Sunday, May 25, 2008

With Liberty And Justice For All

"We the people of the United States, in order to form a more perfect union, establish justice, insure domestic tranquility, provide for the common defense, promote the general welfare, and secure the blessings of liberty to ourselves and our posterity, do ordain and establish this Constitution for the United States of America."

Just a little reminder of how our Constitution starts. As you will recall from your middle school civics class, this document was intended to provide the framework for the nation and its actions. It was also intended to apply to everyone, including, perhaps especially, the government.

This past seven years, the current government has gone to great lengths to destroy the guarantees of that Constitution and has been more successful than our nation's founders would have abided. Our rights to privacy, to a government with checks and balances, to a system which does not allow unlimited government detention, and to fair trials all have been trampled and discarded as inconvenient.

One of the more egregious examples of this anti-constitutionalism is playing out in Guantanamo Bay. The trials of those who have been detained for six and seven years will be starting in less than two weeks. One of those trials involves Khalid Shaikh Mohammed, the man who bragged about being the mastermind behind 9/11 and about being the man who personally beheaded Daniel Pearl. If in fact he did these things, Khalid Shaikh Mohammed is a monster, one who should be shut away forever. However, under that quaint document we call the Constitution, because he is being held by the United States government and is going to be tried by a United States court (one of questionable jurisdiction), he is entitled to the rights guaranteed by that venerable parchment. Especially him. The Constitution and all of its guarantees must apply to all. No exceptions, because if exceptions are carved out, then the Constitution really is meaningless.

And yet, this government intends to throw all of those guarantees out the window, according to this article in today's Los Angeles Times. It deals with the difficulties facing a Navy Reserve judge advocate general named Prescott L. Prince who has been assigned to defend Khalid Shaikh Mohammed. He is outmanned and outgunned by the prosecutors who have access to all of the evidence against the defendant, most of which is unavailable to Mr. Prince, and some of which was obtained by torture, including water boarding.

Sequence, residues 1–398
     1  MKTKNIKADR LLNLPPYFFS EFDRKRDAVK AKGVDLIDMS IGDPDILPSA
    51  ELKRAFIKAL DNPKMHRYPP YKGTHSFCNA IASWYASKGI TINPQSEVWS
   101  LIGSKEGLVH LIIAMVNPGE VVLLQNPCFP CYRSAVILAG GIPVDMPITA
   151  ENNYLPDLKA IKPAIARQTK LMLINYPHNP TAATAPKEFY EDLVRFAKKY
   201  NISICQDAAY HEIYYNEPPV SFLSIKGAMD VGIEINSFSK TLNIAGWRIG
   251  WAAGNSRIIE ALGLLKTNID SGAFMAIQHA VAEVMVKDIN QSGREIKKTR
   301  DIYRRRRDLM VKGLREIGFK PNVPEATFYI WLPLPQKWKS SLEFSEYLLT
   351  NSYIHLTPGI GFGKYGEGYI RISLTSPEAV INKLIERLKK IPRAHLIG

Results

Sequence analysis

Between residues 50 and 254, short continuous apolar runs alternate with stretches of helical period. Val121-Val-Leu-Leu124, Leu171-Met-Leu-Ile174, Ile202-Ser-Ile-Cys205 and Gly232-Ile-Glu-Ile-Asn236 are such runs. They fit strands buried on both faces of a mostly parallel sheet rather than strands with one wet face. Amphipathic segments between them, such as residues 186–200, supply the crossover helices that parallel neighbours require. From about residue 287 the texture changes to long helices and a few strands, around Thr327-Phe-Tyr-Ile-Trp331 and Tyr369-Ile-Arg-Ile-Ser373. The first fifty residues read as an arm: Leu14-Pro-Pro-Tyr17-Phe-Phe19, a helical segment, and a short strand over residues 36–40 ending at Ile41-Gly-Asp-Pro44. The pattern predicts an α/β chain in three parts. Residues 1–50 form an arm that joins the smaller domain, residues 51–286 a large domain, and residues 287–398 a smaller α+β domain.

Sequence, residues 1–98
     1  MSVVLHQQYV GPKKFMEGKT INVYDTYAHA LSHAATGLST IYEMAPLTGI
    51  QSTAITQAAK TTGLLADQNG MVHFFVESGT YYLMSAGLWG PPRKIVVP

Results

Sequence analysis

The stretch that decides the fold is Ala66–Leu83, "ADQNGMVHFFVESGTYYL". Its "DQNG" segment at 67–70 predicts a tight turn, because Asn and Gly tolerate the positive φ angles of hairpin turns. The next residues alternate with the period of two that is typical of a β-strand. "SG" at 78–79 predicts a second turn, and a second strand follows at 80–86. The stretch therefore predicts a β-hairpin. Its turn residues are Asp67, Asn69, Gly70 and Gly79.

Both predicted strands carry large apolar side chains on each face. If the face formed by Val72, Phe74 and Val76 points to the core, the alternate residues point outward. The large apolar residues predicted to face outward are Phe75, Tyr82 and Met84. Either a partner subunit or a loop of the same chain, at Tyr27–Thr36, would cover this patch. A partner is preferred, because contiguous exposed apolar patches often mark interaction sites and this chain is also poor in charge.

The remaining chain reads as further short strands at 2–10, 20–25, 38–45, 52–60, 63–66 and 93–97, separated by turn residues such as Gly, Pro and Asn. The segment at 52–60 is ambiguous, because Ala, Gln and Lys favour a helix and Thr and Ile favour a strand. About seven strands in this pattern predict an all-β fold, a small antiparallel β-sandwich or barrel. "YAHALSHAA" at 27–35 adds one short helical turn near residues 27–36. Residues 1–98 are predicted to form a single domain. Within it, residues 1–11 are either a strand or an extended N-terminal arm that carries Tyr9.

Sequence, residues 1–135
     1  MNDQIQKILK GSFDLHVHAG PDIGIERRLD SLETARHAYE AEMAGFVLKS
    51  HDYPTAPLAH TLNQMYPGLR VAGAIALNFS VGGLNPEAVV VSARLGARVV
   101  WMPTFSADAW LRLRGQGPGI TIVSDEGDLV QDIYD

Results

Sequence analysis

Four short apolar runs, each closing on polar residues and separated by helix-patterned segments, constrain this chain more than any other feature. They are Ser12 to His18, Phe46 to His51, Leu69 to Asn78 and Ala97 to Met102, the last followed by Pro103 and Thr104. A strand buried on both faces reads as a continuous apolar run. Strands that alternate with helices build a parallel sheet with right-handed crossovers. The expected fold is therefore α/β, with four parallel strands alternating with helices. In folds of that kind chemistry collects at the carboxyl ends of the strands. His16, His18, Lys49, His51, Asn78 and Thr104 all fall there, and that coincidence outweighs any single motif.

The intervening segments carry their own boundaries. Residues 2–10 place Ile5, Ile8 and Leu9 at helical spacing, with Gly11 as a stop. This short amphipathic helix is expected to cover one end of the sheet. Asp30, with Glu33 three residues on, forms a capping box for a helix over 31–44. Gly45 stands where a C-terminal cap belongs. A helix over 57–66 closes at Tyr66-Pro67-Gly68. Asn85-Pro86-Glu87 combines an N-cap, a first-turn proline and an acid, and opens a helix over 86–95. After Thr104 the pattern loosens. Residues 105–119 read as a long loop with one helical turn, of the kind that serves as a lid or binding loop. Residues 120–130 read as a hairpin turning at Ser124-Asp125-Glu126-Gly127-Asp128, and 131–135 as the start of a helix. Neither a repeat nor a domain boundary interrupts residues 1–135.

Prince has to share a paralegal with another detainee lawyer, and he still hasn't gotten top-secret security clearances for Scott McKay and David Nevin, the two Idaho-based civilian attorneys who, along with Army Lt. Col. Michael Acuff, make up his legal team.

He said he had trouble getting the Pentagon to take him to Guantanamo and, once there, to allow him to see his client. And, he said, all of his requests for discovery material have been denied.

He said he had also been hamstrung by institutional obstacles, including evidentiary rules favorable to the prosecution that will probably allow the use of hearsay and confessions and other evidence obtained through coercion.

Prince said a protective order he had to sign prohibited him from discussing publicly anything his client said to him, even to people who could potentially be corroborating witnesses. And, he said, he is prohibited from taking his notes with him after interviews with Mohammed, making it more difficult to follow up on the information.


And so Mr. Prince is doing the best he can, with an eye towards building grounds for appeals that may take years.

"I think it's the constitutional case of our time," Prince, 53, said in a recent interview in his office, U.S. and Navy flags front and center on his desk. "Because in the 221st year of America, the question is whether the Constitution applies to the government." [Emphasis added]

Godspeed, Mr. Prince. Just remember that there is ample precedent for your view. The advocates at the Nuremberg Trials held the same belief in true justice that you hold.

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1 Comments:

Anonymous Karen said...

But, but, 'it's a damn piece of paper' !!!!!

12:41 PM  

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